Dental Implant Moving

A dental implant is a permanent dental restoration that is meant to remain firmly in place. Implants are surgically placed directly into the jaw bone so any movement could be an indication that the implant is failing in some way, either because of a structural problem with the implant itself or something going on with your bone structure.

Dental implants are used to replace one or more missing teeth. Implants can even support a full denture, in which case four to eight implants are used on each arch. A dental prosthesis is placed onto the implant(s) and either cemented or screwed into place. Implants are placed by either an Oral Surgeon or a Periodontist.

Your implant doctor will numb the area with a local anesthetic and then make a small incision in the gum tissue. They will then drill a small hole in the jaw bone before screwing the implant into the hole. The gum tissue is then stitched up around the implant, with a small portion left protruding from the gums onto which the implant restoration is affixed.

Implants take up to six months to heal and become fully integrated with the jaw bone. This process of bone and implant fusion is called osseointegration. This fusion provides the stable foundation for the implant restoration. When an implant becomes loose, there may be an underlying problem with the implant or bone structure.

How do I know if I have a loose implant?

Aside from obvious movement, there are a few symptoms that you should be on the lookout for if you suspect a loose implant:

  • Painful and/or swollen gums around the implant
  • Bleeding around the tooth
  • Unable to bite or chew properly

Dental implants have a success rate of about 95%-97% but there is always a possibility that a problem can arise. When an implant becomes loose, it is likely a symptom of a bigger issue which may include:

  • Infection at the implant site
  • Bone loss
  • Peri-implantitis

If something feels loose at your implant site, it may not necessarily be your actual implant. Dental implants are made of three parts and any of them can become loose.

Loose Healing Cap

While your implant is healing, a temporary abutment is placed over the implant to protect it from damage and infection. If the healing cap comes loose, it can fall off but is not cause for alarm! Simply get to your Dentist as soon as you can to have it replaced. If you do not have the healing cap put back on, your gum tissue will grow over your implant and have to be cut away before the implant can be restored with your dental prosthesis.

Loose Implant Crown

Sometimes, the crown on your implant can become loose and is usually a simple fix! Chances are strong that your Dentist will simply need to tighten the screw securing your implant crown onto your implant.

Feeling something loose at your implant site is not an immediate emergency but it should be tended to by your Dentist within 48 hours to avoid damaging the implant. Try not to chew on the side of your mouth where your implant is until you have it fixed. Chewing on a loose implant can cause further damage or even break one of the components.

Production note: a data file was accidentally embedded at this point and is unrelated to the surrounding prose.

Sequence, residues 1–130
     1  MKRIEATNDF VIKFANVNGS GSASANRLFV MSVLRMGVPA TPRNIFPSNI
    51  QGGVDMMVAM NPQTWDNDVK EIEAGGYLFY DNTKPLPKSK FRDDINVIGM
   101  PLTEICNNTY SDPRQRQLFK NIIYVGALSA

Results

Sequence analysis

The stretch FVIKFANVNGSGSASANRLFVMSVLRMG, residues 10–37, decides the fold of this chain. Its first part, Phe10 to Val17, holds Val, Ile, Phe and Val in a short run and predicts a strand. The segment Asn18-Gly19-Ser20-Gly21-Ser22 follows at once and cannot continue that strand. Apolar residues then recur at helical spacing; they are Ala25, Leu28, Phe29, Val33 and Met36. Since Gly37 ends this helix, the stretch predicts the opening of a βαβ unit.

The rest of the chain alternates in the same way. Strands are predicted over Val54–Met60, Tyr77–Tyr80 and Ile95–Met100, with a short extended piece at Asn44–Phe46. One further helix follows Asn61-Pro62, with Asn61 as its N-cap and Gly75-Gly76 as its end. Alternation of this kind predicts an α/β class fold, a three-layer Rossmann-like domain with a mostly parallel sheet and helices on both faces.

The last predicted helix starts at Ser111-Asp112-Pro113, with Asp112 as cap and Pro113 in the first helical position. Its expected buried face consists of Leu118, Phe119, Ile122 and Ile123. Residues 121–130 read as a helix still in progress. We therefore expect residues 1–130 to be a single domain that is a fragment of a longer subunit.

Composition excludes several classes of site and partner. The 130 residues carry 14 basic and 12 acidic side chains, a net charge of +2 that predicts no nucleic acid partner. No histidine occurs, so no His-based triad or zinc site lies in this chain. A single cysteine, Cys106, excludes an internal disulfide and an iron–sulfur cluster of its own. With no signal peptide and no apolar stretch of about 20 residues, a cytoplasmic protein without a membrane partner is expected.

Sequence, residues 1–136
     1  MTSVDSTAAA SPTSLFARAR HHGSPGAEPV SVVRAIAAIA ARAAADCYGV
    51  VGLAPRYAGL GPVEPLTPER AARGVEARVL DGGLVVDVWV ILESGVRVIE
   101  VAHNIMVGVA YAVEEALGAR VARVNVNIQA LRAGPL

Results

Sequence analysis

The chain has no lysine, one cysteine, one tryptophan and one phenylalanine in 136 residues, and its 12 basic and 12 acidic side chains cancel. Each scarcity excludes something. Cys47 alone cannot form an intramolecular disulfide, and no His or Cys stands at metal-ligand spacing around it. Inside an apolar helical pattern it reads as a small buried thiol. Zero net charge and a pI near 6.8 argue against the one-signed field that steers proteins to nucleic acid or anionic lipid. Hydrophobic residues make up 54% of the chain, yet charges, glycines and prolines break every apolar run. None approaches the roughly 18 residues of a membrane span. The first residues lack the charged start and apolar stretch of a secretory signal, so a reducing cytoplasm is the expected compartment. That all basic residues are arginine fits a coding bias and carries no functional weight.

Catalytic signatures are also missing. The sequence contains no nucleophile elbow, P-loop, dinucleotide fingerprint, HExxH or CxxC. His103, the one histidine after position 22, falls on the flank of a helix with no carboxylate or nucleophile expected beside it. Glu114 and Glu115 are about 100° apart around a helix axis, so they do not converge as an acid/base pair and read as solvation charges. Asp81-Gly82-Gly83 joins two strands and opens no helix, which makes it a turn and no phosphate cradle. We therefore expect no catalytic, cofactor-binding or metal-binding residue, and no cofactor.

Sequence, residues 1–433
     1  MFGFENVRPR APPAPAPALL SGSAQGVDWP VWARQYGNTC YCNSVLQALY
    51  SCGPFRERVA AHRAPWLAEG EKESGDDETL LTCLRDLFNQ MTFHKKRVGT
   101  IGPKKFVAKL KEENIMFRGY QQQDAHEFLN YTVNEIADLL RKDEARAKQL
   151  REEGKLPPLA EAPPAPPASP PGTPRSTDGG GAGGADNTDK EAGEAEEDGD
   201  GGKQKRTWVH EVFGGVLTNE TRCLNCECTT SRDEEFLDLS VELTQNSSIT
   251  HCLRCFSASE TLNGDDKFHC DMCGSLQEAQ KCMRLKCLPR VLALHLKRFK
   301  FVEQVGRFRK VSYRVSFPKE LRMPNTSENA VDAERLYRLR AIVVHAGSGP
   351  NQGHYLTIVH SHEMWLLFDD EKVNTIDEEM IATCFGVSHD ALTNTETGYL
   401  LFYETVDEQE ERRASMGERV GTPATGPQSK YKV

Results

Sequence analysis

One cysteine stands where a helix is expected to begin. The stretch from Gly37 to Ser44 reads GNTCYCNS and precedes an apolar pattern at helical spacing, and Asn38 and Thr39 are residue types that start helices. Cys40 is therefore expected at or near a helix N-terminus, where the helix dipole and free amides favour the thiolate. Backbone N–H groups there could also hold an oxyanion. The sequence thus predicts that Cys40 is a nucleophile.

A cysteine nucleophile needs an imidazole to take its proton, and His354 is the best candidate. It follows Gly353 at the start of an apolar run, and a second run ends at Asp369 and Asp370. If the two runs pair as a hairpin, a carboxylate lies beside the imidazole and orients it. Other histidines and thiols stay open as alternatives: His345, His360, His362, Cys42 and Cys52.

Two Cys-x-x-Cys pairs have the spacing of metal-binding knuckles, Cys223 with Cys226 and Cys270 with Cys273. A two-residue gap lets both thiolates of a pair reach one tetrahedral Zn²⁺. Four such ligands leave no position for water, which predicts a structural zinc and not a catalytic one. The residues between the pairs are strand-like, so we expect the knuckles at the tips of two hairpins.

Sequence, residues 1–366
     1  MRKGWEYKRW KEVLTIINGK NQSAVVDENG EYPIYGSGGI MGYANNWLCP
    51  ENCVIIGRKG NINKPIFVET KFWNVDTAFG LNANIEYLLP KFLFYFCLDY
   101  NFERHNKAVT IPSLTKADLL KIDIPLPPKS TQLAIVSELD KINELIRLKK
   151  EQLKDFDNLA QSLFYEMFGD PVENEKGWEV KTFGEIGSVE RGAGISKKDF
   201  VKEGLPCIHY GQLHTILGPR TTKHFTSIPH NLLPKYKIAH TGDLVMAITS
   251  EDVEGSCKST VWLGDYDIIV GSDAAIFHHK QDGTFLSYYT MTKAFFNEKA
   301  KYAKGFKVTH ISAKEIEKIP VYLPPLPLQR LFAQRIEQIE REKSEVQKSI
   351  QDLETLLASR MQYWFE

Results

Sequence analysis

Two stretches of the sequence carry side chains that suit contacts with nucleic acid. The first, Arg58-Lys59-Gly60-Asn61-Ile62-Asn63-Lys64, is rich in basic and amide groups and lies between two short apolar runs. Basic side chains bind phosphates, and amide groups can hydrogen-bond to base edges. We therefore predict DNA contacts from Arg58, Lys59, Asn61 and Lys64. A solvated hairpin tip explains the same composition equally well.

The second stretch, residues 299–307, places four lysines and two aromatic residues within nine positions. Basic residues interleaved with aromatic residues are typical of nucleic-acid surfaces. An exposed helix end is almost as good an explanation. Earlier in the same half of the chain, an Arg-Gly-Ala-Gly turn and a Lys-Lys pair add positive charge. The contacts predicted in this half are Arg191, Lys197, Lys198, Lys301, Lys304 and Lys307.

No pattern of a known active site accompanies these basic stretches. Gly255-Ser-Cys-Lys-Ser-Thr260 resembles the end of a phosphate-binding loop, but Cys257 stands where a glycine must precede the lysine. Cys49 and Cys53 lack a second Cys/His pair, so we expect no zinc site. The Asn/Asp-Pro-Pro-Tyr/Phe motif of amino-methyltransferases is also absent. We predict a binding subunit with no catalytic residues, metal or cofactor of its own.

Visiting Your Dentist

It is important that you see your Dentist as soon as you can, even if you are not experiencing much discomfort around your implant. Your Dentist will take a look at your implant by carefully removing the crown to see the implant. They will also likely take an x-ray to see the bone structure and ensure that nothing is amiss below the surface. In some cases, the problem may be an issue with how your bone is healing, especially if you are noticing movement shortly after you had your implant placed.

In the event that you cannot get to your Dentist, make sure you stick to soft foods and try your best not to chew on the implant site. Also, it is important to keep up good oral hygiene and dental care while the implant is loose to avoid developing gum disease or peri-implantitis.

If you have developed a bacterial infection that is causing your loose implant, your Dentist may provide a prescription for an antibiotic to clear the infection. Hopefully, your implant will still be viable once any infection is cleared but if it is not, you may need to have the implant removed before a new one is placed. You could also require a bone graft before the new implant is placed to make sure there is enough bone structure to support the implant.

Implant Failure

Dental implants have a very high success rate with minimal risk of complication but an implant can still fail. An implant can fail due to poor oral hygiene, loss of bone mass, or other underlying medical conditions. Even if an implant fails, you may still be able to receive a new one after a bone graft. There is also the option of zygomatic implants which do not need a significant amount of jaw bone structure because they are actually anchored in the cheekbone.

To avoid problems with your implant, it is important for patients to maintain a good home care routine and to visit their Dentist regularly for professional cleanings and annual x-rays. X-rays can help identify problems as they develop and hopefully, they can be caught before they become more serious. Your Dentist may also advise that you have a custom night guard made to protect your implant and the rest of your teeth from bruxism, which is the unconscious clenching and grinding in your sleep.

Dental implants are a great, natural-looking way to restore missing teeth. If you need to have one or more teeth replaced, speak with your Dentist to see if you are a candidate for dental implants.

Upper False Teeth Options